web 2.0 [English]
- RT: social media
No definition in earlier IP projects. ITrust definition not yet developed.
- Gartner IT Glossary (†298 s.v. web 2.0): The evolution of the Web from a collection of hyperlinked content pages to a platform for human collaboration and system development and delivery.
- Wikipedia (†387 s.v. web 2.0): Web 2.0 describes World Wide Web sites that use technology beyond the static pages of earlier Web sites. ...Although Web 2.0 suggests a new version of the World Wide Web, it does not refer to an update to any technical specification, but rather to cumulative changes in the way Web pages are made and used. A Web 2.0 site may allow users to interact and collaborate with each other in a social media dialogue as creators of user-generated content in a virtual community, in contrast to Web sites where people are limited to the passive viewing of content.
- Chun et al., 2010 (†471 2): ““Web 2.0 Technologies” refer to a collection of social media through which individuals are active participants in creating, organizing, editing, combining, sharing, commenting, and rating Web content as well as forming a social network through interacting and linking to each other. The Web created using these social media is called Web 2.0 or Social Web. The Web 2.0 technologies include blogs, wikis, social networking hubs, (e.g., facebook, myspace), Web-based communication modes (e.g., chatting, chat groups), photo-sharing (e.g., flickr), video casting and sharing (e.g., youtube), audiosharing (e.g. Podcasts), mashups, widgets, virtual worlds, microblogs (e.g., twitter), social annotation and bookmarking of Web sites, and many more.” (†668)
- Furht and Escalante 2010 (†583 p.10-11): Web 2.0 is a new concept that refers to the use of Web technology and Web design to enhance creativity, information sharing, and collaboration among users (Wang, Tao, & Kunze, 2008). (†1214)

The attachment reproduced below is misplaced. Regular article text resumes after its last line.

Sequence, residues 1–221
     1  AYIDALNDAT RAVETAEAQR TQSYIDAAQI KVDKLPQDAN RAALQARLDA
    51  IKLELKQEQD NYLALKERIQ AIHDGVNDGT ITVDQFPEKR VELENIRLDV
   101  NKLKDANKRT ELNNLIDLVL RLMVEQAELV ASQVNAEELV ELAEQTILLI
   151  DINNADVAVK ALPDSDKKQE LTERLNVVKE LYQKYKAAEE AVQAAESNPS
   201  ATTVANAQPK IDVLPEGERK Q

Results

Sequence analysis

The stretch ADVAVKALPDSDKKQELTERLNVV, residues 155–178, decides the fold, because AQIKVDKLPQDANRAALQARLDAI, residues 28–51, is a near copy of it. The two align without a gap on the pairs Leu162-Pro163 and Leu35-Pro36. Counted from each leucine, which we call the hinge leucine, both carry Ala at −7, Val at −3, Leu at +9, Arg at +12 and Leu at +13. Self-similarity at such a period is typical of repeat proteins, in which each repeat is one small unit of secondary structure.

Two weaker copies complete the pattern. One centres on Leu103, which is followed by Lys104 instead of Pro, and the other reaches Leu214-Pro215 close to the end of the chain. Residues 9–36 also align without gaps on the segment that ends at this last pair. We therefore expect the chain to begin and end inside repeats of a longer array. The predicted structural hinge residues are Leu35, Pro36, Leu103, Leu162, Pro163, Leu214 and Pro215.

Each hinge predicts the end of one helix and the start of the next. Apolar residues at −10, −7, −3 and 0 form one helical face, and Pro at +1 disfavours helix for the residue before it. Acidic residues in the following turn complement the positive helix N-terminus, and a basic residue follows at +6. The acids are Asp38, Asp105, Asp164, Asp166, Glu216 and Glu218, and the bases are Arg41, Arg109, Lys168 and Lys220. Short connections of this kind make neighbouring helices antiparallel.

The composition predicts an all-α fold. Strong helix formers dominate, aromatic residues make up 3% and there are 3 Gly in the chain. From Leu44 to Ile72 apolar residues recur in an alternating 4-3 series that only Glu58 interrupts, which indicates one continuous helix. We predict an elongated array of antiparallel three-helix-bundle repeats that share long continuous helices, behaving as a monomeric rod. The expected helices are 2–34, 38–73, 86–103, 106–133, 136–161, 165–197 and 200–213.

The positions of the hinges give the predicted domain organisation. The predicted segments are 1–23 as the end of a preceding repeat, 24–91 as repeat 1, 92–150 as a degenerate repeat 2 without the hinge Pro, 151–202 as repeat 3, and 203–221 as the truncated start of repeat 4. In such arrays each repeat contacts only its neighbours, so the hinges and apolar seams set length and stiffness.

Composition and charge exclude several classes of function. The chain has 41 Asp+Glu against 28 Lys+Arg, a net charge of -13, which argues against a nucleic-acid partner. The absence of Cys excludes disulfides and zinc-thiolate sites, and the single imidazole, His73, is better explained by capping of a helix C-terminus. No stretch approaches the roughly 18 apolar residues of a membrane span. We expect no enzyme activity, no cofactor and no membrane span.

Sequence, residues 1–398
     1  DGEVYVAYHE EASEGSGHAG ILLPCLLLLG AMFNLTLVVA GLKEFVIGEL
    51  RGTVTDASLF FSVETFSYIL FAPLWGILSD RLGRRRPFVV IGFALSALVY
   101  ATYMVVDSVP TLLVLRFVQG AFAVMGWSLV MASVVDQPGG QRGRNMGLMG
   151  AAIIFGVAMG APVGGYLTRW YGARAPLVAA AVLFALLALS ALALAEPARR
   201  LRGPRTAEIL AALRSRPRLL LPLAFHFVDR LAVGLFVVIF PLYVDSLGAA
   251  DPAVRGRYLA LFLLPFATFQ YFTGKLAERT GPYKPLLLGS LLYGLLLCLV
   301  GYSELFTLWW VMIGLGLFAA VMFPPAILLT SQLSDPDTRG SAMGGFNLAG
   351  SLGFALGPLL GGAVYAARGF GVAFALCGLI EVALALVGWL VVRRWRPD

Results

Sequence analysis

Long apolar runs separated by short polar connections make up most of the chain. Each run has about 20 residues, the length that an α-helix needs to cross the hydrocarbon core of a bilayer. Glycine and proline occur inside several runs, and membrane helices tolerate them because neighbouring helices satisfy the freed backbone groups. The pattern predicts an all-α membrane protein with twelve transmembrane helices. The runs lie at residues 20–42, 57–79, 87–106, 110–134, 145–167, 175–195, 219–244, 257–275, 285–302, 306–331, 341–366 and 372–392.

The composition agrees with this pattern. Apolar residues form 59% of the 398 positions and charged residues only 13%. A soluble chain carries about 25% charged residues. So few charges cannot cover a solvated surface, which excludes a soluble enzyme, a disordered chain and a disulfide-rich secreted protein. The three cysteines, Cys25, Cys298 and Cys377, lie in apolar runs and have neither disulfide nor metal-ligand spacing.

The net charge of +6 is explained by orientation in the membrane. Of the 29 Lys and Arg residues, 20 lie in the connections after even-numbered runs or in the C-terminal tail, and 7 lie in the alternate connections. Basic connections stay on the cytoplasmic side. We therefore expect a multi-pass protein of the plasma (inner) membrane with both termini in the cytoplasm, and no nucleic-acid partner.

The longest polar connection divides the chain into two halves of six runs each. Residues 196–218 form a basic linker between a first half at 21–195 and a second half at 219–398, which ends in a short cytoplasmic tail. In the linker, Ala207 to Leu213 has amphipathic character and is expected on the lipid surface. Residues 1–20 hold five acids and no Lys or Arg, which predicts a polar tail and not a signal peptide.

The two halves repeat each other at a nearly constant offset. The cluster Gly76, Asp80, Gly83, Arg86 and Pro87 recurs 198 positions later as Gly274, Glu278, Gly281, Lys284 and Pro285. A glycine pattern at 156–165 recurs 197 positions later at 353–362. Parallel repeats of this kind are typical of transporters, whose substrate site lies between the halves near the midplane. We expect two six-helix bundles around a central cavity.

- International Records Management Trust 2009 (†572 s.v. web 2.0): In a computer environment, a term used to refer to changes in the way that World Wide Web technology is used, in order to enhance creativity, information sharing and functionality in a web-based environment. Computer tools created to support Web 2.0 information sharing include social networking sites, wikis, blogs, social bookmarking, collaborative editing tools, media sharing services and syndication and notification technologies. (†969)
- Law 2011 (†581 s.v. web 2.0): A phrase used to describe what some commentators view as a new generation of Internet services and communities. Web 2.0 does not refer to any technological changes, but rather to a perceived shift in what the Internet can be used for, with champions of the term arguing that it stands for more collaborative working and information-sharing. (†1113)
- Theimer 2010 (†503 p. 9-10.): 'Web 2.0' is a buzzword. Like all buzzwords, it gained popularity because it's useful for capturing the meaning of something. But it also has been overused and become something of a cliché. The technology cognoscenti have now moved on and are talking about Web 3.0 (the semantic web) and even Web 4.0. . . . ¶ There is no agree-upon definition of 'Web 2.0'. While O'Reilly Media may have popularized it, the term was not created by one company or type of software. Rather, it describes a confluence of changes in Web design and functionality that resulted in fundamental differences in the ways developers and users approach the Web. The most significant of these changes are the following: · 'Network as platform' or 'cloud computing' . . . · Open standards, open source, openness in general . . . · Creation of syndicated content . . . · Customized Web experience for users · Broad use of interactivity . . . · Prevalence of user-created content · Integration of user-to-user connection . . . (†781)
- Wikipedia (†387 s.v. web 2.0): Whether Web 2.0 is substantively different from prior Web technologies has been challenged by World Wide Web inventor Sir Tim Berners-Lee, who describes the term as jargon.[DeveloperWorks Interviews, 2006-07-28] His original vision of the Web was "a collaborative medium, a place where we [could] all meet and read and write".[Berners-Lee on the read/write web, BBC News, 2005-08-09] (†971)